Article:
Murder is widely agreed to be the greatest form of evil a person can commit, so let’s use it as our example. On what basis can an atheist say that murder is wrong? They would probably scoff at the question, but let’s have the intellectual honesty to dive into it. It is wrong to harm another person, they might say. Ok, but again, why?

The response here will normally go in one of two ways. Either humans should not harm each other because they have equal dignity, or because we need one another and it is an evolutionary advantage to preserve the lives of others rather than taking them. Each of these answers takes us further down the rabbit hole. How can we have equal dignity? What is dignity? It is a statement of worth. And what gives us worth? Do we give it to ourselves? Then we can take it away. Does society give it? Then, again, society could decide to take it away. Would murder then be right? Was slavery right when societies said it was? Does the universe give us dignity? How could it, if it is an unthinking, unfeeling realm of pure physical existence?

As for the other answer, evolutionary advantage would be whatever is advantageous in any given moment. It is not a basis for an unchanging morality. Individuals can take advantage of situations in ways that cut against the common current, and with enough time, even the common current could change to permit of things that were previously forbidden. That is basically what people are arguing for when it comes to sexual ethics, but they would likely be appalled to hear that could happen with murder or slavery. Again we must ask, why? What offers moral stability?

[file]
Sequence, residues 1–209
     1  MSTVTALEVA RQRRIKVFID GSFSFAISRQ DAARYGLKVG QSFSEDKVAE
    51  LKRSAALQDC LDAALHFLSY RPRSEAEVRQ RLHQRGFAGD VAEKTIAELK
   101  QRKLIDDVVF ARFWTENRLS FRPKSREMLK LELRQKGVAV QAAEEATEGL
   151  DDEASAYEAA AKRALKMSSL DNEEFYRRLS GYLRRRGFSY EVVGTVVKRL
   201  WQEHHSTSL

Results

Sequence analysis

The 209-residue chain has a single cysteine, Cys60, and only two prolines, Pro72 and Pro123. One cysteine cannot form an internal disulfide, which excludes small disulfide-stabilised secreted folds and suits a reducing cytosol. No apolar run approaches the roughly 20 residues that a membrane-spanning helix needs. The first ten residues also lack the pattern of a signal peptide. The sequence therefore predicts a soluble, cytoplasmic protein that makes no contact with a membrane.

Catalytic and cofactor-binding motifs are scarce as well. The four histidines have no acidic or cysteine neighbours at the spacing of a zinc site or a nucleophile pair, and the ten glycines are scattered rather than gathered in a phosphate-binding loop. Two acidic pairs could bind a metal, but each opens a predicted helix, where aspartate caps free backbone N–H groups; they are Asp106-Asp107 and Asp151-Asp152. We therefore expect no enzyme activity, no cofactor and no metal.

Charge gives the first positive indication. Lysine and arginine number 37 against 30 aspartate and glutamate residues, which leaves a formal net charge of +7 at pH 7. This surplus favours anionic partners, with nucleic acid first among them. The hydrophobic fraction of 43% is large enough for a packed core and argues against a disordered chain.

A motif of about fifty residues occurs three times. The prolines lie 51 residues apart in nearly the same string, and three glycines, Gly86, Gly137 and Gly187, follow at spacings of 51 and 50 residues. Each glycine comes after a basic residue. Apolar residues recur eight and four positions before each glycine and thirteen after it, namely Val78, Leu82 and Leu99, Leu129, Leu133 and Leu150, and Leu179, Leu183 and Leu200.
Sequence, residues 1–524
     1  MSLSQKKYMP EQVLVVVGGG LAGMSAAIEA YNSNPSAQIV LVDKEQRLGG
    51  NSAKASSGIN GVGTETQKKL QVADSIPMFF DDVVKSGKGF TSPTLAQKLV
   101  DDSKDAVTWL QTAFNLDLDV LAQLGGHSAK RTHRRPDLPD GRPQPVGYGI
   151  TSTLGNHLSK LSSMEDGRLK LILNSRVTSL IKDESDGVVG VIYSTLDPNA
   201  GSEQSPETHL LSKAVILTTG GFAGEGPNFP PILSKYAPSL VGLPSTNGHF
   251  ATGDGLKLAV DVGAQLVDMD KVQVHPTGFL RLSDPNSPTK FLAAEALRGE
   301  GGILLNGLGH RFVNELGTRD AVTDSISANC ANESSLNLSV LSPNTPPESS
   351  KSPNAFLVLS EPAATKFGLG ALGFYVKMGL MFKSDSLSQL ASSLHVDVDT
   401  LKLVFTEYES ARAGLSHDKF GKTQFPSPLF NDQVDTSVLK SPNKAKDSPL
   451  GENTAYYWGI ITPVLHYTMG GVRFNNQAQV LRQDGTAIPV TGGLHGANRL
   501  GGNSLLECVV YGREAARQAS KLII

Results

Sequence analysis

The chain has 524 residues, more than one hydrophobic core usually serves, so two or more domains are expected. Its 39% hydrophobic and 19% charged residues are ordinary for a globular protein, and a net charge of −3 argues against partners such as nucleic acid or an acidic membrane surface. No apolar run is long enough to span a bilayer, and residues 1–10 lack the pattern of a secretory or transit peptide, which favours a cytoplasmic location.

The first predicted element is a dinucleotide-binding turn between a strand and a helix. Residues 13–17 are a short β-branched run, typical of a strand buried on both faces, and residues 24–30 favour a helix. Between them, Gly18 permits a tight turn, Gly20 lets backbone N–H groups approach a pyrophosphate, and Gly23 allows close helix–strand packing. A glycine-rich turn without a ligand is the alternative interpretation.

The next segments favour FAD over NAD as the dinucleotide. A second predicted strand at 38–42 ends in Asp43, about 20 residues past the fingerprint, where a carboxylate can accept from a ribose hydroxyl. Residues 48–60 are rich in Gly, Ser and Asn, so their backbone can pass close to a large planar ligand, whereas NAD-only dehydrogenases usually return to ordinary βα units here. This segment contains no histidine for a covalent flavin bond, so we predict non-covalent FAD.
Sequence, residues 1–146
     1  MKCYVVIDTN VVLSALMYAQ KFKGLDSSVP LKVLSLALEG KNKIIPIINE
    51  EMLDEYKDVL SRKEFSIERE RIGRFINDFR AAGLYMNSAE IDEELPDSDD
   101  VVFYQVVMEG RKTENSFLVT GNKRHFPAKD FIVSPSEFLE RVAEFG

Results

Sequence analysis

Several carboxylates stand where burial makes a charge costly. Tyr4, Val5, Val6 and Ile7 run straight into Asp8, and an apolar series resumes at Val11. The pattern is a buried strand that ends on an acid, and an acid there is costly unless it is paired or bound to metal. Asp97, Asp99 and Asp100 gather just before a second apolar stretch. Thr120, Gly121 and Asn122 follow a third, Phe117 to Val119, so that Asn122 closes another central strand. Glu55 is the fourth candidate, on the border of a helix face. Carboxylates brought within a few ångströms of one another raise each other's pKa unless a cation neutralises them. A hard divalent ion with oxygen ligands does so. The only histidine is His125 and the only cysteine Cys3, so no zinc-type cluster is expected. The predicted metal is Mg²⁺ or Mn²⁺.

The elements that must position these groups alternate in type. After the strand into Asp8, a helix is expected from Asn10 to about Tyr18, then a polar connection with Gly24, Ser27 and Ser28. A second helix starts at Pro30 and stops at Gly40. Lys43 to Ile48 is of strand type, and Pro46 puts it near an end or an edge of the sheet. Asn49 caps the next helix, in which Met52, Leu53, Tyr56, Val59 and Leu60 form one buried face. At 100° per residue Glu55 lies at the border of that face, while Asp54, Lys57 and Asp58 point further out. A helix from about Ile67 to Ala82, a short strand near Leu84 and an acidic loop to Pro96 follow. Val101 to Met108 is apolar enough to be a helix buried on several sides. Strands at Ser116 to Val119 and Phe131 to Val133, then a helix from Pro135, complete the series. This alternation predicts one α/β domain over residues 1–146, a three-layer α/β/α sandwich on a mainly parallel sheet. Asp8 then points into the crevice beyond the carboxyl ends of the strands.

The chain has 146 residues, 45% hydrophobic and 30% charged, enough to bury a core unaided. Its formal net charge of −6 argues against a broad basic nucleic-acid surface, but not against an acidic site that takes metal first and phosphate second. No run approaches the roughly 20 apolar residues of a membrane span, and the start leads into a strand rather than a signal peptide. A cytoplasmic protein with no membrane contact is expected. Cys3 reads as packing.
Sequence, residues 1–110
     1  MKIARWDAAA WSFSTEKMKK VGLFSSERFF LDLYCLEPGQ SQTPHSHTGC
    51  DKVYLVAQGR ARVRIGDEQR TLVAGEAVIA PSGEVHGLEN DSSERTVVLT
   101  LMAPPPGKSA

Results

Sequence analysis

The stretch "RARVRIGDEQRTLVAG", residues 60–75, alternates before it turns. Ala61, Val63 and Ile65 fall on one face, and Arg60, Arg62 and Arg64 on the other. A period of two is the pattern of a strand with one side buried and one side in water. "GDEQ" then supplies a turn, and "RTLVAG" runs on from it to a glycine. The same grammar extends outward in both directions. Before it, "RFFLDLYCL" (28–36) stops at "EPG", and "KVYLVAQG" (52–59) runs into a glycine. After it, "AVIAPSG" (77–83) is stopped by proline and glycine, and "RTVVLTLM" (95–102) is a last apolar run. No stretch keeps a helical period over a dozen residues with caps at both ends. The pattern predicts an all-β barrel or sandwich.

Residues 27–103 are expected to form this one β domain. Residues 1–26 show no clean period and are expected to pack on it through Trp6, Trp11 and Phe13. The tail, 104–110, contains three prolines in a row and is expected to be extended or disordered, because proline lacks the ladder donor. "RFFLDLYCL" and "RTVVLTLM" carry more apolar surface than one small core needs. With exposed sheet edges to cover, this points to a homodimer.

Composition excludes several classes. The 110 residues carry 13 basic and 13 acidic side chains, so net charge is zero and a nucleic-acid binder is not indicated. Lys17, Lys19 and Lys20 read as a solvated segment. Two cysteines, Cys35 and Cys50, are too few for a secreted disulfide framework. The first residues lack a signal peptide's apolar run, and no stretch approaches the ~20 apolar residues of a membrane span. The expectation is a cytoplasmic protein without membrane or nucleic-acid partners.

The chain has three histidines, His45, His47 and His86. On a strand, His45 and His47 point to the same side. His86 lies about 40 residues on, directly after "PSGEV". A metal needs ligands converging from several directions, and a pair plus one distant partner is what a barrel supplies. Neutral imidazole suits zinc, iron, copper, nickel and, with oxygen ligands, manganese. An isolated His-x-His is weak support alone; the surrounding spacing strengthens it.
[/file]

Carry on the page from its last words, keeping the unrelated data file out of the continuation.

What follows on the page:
Look at it yet another way. Atheism relies on essentially two, almost paradoxical assumptions in order to explain the universe as we find it. The first is that it is chaotically generated. There is no mind behind it to establish its proper functioning. Nature’s laws are purely accidental. The other is that nature’s laws, once accidentally established, are immutable. Our reality is mechanistic. Because we are purely physical, everything we think and do is predetermined by the physical reactions within and around us.

If that is true, how is it possible to be moral? Morality assumes a choice. You can do the right thing or the wrong thing, and it is up to you. If everything is determined, you are not free. You cannot be moral, and you cannot be held accountable for being immoral. There are no such categories. They are just some kind of illusion.

Some atheists actually believe in this illusion. It is better defined as a delusion. Belief itself is another choice, which puts the lie to the theory immediately. Morality exists. Choice exists. Responsibility exists. But atheism requires these things be ignored in an attempt to maintain philosophical consistency. When really put to the test, however, it fails.

The argument of Christians and other theists is that a basis for morality is needed in order for it to have coherency, not just force. And as a purely immaterial and intellectual concept, it needs an immaterial and intellectual source. You can behave morally without faith in God, but you cannot have morals without the existence of God. The universe on its own cannot provide an explanation for why we can recognize the difference between right and wrong. This vital distinction should not be ignored.